The service instances are preferably microservice instances. The service instance may be comprised by an application, such as a microservice architecture application and/or a cloud native application.

Each service instance is preferably associated with a service proxy which may be dedicated to that single service instance or may be associated with a plurality of service instances (which may be instances of the same service or of one or more different services). Each service instance may be deployed within a container and/or virtual machine within which the service proxy associated with the service instance (and any other service instance associated with that service proxy) is preferably also deployed. Each service instance, service proxy, and/or container may be deployed on a host, which may be physical (such as a server or other processing resource) or may be virtual.

The service mesh may comprise a data plane and a control plane. The data plane may comprise a plurality of service proxies, by which the service requests may be routed. One, some or all of the plurality of service proxies may be associated with individual service instances, individual gateways (such as ingress gateways) and/or groups or pods of multiple service instances and/or gateways. The control plane may control the service proxies (for example, by distributing routing policies thereto) and/or may monitor the data plane (for example, by collecting telemetry).

The plurality of network links may each be to a different one of the plurality of service instances. Alternatively, the plurality of service instances may comprise multiple network links to one, some or all of the plurality of service instances. In such embodiments, if a service instance with multiple links thereto is selected, which of the network links thereto is preferably also selected based on the predictions of latencies.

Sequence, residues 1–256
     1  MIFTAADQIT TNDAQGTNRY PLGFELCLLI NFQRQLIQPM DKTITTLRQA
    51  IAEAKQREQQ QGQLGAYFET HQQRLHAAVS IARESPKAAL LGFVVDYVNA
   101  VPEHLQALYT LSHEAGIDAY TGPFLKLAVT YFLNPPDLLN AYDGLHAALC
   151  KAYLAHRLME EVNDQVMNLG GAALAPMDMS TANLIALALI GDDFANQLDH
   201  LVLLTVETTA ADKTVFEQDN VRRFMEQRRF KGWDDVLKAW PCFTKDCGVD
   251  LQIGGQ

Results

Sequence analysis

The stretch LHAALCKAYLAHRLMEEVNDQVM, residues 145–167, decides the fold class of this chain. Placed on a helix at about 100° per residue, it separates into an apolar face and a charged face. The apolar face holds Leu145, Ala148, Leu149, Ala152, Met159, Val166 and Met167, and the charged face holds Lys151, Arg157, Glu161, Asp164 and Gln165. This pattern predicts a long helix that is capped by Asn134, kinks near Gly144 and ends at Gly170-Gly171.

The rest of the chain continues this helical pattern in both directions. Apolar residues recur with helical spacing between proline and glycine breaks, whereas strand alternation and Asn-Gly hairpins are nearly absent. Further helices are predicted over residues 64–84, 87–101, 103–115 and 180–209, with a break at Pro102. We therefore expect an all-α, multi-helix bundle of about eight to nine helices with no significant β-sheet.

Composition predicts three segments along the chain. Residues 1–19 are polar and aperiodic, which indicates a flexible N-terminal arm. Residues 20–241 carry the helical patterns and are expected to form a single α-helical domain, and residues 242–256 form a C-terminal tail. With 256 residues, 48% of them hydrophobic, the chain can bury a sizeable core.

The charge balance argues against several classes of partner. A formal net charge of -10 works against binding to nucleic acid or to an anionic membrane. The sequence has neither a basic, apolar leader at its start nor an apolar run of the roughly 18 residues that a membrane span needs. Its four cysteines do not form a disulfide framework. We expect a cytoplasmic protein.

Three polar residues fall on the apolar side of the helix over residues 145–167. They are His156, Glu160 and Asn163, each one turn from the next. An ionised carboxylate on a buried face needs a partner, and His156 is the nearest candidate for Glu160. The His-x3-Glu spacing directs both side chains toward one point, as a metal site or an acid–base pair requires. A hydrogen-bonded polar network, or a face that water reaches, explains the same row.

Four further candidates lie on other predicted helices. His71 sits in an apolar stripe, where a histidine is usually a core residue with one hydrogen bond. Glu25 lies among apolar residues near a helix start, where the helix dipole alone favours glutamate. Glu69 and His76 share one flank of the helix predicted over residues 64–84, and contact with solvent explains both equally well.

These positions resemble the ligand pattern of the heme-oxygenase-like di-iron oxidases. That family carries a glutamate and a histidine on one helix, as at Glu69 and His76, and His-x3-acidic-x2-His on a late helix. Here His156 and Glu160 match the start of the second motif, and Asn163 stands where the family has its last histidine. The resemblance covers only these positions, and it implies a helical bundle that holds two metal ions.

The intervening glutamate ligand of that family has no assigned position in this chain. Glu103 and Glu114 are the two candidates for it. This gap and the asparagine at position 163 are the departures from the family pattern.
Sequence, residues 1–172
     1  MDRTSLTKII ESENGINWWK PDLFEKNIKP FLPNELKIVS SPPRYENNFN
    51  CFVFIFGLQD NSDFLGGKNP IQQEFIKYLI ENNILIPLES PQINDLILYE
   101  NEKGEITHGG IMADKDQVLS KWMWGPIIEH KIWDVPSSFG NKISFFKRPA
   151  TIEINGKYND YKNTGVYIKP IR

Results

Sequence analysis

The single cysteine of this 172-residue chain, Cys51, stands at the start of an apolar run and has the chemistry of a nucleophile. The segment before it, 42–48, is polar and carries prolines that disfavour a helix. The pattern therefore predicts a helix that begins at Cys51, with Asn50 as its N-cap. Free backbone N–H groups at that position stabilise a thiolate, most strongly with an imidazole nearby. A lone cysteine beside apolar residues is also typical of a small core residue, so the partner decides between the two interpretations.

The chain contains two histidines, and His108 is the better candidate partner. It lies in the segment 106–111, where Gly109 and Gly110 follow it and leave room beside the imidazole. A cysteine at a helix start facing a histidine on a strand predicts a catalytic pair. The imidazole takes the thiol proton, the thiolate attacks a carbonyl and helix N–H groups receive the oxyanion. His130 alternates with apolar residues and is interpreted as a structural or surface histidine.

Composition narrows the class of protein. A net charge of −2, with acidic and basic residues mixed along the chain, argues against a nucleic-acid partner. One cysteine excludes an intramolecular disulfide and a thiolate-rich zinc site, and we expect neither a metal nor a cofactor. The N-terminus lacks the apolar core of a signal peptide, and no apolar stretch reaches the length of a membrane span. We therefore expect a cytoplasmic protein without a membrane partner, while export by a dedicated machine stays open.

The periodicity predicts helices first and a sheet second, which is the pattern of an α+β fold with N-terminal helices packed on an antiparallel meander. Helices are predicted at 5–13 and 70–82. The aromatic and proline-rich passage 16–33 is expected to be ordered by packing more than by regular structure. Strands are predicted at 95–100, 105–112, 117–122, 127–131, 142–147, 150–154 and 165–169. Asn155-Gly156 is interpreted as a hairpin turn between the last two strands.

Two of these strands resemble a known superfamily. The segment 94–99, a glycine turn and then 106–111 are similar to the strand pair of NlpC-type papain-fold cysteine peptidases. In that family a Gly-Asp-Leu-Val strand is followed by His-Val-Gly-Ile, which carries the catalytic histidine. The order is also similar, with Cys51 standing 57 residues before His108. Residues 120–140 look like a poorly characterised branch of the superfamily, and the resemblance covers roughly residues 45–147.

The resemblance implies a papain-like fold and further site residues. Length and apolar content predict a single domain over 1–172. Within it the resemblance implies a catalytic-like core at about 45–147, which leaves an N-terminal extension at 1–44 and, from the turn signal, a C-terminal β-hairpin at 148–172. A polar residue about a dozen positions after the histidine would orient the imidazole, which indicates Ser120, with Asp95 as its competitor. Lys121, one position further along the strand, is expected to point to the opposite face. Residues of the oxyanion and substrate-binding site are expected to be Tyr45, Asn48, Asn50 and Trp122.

The network links to the plurality of service instances may be direct links to the service instances from the origin of the service request (preferably a first routing service proxy as described above). Alternatively, one, some, or all of the plurality of network links may be via one or more intermediate service proxies (which may be associated with service instances or gateways).

One, some or all of the plurality of the network links may be or may comprise virtual network links of service mesh and/or physical network links between resources on which the service proxies—or the one or more microservice instances or other entities associated therewith—are hosted.

The one or more performance characteristics may comprise the maximum observed capacity of the network link (for example over the course of a period for which the network link is monitored), the proportion of an observed period for which the network link is active; and/or the latency and size (for example, in bytes) of a service request or other communication transmitted via the network link.

One, some or all of the one or more performance characteristics may be monitored continuously or periodically. In embodiments in which a plurality of or performance characteristics are monitored, one or some may be monitored continuously and one or some may be monitored periodically. If a plurality of performance characteristics are monitored periodically, they may be monitored with identical or different frequencies.

In some embodiments, the network links may be monitored by the service proxy by and from which the service request is routed and/or by the service proxy associated with the service instance that the network link is to. Each network link may be monitored by the pair of service proxies at or associated with each end thereof.

Alternatively, or additionally, the network links may be monitored by the control plane and/or by other elements in communication with the control plane and/or one or both of the service proxies at or associated with each end of the network links.

The plurality of network links may be some, most, or all of the network links to service instances of the service mesh from the origin of the service request (preferably a first routing service proxy as described above).